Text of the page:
We now pause for a moment of rejoicing before the rants.

new kayak

The new kayak is here! The new kayak is here!

We now return to our station’s previously scheduled programming.

*   *   *

Department of WTF
Aka, One of the Saddest Things I’ve Read During the Past Week.

Yes, the terrorist attack in Paris was sadder.  And then, there was the article in the NY Times: Newspaper in Israel Scrubs Women From a Photo of Paris Unity Rally .

Angela Merkel and other world leaders and dignitaries were removed from the picture by the Israeli newspaper’s editors because the image of female forms are a temptation and presumed pollutant to an Ultra-Orthodox Jewish man’s eyes.

Got that? An Ultra Orthodox Jew’s eyes must remain “pure” – eyes that, because they belong to a Jew, would have been removed from history just a generation ago, if another group of orthodox fanatics had had their way.

So. Your Ultra-Orthodox (men’s) eyes will be “pure” – whatever the superstitious fuck that means – while your minds will remain ignorant, closed and prejudiced.  Pray on, brothers.

Does my bigotry make my butt look fat?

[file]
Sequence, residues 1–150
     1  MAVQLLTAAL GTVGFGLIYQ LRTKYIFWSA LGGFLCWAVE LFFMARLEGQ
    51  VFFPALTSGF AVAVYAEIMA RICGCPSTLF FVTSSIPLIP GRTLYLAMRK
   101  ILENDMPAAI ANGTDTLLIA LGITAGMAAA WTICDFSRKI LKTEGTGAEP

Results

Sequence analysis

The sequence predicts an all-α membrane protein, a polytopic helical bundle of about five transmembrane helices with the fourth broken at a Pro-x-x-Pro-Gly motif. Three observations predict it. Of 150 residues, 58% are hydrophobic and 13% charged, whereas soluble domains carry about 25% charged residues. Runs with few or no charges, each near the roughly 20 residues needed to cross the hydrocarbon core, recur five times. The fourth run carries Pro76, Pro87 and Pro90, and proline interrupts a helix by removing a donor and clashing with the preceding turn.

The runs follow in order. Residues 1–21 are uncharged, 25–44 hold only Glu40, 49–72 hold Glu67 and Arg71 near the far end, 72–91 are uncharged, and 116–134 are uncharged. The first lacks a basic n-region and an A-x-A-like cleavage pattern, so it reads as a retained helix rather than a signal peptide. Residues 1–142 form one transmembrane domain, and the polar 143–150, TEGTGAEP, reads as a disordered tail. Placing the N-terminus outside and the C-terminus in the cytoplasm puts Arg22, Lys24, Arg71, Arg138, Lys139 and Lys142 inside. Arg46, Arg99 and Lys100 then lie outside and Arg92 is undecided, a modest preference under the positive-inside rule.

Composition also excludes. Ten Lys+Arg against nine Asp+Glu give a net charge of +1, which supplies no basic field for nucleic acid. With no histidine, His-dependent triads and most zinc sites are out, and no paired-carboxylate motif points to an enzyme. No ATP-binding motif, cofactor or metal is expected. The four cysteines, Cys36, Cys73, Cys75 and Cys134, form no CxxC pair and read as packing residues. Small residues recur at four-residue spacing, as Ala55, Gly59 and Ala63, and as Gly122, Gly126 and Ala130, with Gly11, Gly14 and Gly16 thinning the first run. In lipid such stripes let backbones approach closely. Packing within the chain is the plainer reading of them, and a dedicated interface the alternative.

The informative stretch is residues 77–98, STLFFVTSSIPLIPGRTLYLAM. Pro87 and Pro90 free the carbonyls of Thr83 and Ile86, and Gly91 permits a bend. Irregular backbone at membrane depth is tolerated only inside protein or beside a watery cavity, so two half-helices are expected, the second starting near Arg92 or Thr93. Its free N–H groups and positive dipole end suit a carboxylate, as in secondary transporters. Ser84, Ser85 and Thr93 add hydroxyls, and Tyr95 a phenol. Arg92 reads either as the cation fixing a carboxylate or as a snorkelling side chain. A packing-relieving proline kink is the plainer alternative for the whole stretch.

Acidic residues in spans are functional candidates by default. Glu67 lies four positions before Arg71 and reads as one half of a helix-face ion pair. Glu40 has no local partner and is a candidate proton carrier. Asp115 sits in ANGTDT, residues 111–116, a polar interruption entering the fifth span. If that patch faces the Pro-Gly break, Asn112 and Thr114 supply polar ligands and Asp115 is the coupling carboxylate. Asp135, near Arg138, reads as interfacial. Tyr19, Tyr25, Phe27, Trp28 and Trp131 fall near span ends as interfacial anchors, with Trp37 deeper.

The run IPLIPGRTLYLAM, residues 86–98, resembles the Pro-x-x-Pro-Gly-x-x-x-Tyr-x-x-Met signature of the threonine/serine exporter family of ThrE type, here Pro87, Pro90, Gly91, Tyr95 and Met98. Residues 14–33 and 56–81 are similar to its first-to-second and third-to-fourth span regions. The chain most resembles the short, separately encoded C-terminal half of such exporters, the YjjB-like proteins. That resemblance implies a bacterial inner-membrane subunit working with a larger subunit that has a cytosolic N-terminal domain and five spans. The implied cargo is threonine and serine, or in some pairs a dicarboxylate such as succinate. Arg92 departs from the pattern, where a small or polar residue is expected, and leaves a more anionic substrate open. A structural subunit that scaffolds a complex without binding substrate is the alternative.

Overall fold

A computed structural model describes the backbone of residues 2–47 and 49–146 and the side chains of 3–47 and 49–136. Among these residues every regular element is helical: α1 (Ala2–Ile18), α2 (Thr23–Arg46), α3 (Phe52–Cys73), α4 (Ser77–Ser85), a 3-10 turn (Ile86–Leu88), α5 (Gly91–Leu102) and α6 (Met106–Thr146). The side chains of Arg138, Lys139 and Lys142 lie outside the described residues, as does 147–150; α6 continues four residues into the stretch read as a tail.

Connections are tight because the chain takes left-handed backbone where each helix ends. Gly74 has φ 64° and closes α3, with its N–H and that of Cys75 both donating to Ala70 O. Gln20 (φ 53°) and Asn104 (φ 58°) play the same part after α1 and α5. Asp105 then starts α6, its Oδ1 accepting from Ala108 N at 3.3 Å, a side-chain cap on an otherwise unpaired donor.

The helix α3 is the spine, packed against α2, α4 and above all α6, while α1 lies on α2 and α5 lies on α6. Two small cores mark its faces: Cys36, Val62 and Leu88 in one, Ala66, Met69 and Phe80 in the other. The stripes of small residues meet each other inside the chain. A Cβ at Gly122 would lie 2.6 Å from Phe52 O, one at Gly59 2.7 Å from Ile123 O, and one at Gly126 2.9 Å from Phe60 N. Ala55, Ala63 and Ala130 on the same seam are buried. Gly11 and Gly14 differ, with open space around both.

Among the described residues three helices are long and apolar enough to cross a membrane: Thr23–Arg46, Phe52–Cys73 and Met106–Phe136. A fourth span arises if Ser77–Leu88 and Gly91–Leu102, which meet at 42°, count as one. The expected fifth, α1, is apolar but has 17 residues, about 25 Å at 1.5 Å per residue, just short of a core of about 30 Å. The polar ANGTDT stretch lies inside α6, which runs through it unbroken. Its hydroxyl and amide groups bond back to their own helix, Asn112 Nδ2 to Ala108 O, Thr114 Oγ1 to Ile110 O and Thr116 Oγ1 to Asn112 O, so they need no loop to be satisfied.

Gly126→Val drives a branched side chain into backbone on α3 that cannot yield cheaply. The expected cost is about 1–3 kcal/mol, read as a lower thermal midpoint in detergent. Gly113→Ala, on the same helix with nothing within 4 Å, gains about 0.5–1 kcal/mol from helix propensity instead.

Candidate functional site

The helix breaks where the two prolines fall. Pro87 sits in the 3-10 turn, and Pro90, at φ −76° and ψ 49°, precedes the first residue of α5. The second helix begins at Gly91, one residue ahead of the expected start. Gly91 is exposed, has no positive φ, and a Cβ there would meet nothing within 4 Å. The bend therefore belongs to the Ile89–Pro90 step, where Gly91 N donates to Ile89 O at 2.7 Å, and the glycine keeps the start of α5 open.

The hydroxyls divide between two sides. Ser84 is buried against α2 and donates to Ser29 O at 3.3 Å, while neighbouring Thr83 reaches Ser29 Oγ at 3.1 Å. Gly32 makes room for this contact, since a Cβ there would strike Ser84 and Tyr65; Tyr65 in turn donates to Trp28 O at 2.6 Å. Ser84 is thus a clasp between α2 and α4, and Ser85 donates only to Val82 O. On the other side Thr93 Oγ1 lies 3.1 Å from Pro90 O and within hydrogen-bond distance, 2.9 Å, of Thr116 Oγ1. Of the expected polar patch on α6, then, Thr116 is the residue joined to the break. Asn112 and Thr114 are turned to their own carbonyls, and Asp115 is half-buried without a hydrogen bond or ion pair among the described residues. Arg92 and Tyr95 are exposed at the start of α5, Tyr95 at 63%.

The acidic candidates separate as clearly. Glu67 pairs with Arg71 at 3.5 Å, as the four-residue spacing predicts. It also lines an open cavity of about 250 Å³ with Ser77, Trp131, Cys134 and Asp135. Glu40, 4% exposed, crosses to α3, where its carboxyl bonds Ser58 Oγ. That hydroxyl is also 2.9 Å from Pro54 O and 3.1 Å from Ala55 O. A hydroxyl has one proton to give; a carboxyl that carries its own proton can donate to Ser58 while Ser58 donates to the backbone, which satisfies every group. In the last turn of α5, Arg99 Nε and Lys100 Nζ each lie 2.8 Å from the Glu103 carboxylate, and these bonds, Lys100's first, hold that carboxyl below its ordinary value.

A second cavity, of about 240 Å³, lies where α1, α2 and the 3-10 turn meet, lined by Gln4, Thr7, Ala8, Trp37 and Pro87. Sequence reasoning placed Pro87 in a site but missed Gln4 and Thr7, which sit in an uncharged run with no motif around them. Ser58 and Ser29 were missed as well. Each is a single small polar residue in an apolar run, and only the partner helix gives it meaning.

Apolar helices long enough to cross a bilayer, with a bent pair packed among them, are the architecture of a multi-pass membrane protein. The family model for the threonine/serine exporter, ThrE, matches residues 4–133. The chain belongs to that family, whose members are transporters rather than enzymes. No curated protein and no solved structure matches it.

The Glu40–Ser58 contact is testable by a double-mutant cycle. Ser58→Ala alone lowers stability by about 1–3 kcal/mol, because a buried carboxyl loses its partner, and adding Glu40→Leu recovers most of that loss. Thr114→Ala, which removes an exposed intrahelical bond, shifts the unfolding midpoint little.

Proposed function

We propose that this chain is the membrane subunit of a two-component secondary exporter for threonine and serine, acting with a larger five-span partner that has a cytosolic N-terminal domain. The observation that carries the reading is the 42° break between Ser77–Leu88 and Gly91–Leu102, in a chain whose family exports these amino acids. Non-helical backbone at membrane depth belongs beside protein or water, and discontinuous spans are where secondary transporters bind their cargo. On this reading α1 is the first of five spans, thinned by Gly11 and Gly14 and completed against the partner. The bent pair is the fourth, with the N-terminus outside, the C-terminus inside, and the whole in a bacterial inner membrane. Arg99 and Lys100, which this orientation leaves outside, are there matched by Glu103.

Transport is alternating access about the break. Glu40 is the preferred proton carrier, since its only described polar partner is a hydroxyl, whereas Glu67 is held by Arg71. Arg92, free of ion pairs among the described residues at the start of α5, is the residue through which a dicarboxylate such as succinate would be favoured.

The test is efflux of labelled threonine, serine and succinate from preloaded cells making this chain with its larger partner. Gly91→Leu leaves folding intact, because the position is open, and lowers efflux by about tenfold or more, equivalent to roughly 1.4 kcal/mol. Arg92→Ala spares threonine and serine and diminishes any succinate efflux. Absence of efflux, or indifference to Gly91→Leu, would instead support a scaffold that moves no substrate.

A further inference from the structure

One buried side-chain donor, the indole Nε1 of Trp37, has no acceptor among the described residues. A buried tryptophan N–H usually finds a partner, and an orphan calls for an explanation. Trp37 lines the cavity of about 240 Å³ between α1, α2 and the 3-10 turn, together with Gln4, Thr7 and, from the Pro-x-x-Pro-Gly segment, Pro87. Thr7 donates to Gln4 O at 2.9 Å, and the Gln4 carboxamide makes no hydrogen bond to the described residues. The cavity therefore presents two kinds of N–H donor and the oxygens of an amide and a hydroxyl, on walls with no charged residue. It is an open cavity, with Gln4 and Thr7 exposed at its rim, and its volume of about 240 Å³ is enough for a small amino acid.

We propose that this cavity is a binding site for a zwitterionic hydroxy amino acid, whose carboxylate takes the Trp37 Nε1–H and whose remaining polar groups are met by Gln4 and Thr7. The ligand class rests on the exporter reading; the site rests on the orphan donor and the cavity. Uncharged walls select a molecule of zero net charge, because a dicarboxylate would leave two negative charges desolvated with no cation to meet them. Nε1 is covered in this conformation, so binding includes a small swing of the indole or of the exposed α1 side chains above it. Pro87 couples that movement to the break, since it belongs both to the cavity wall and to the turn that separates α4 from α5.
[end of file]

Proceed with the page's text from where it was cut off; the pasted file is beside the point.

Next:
Does my bigotry make my butt look fat?

*   *   *

“The role of a cartoon is in fact to insult and ridicule and to attack and to defend against the overreach of people and institutions who, in the name of God or in the name of government or the name of whatever the particular institution it is, threaten the right and security of people to freely express their own ideas and live their lives.”

( Steve Benson, Pulitzer Prize winning editorial cartoonist for The Arizona Republic,
Ex-Mormon, eldest grandchild of LDS Church President Ezra Taft Benson,
interviewed on Freethought Radio, 1-10-15 )

Je suis Charlie.

Except that, of course, I’m not.

Last week I did not comment on the murders at French satirical magazine Charlie Hebdo.  I held my tongue [1] for a variety of reasons, from the principled to the pedestrian. The former would include my disdain for the instant analysis (read: lack of introspection) that seems to be inspired by the plethora of internet social media outlets. The latter includes the fact that I just hadn’t the stomach for it.

One week later, now I can claim distance, wisdom, and introspection?  Maybe just a steadier gut.

The following is not one of my legendary digressions.

You'll find the segue. I know you will, boys and girls.

You’ll find the segue. I know you will, boys and girls.

I’ve previously mentioned how fiction writers’ guidelines for certain literary publications [2] have made me both laugh aloud and cringe. Literary journals often flatter (read: embarrass) themselves by the pretentious, self-important and bombastic claims they make for the kinds of work they seek and publish.  What particularly frosts my butt are statements from journals that claim to seek work that is “brave” and or “risk-taking.”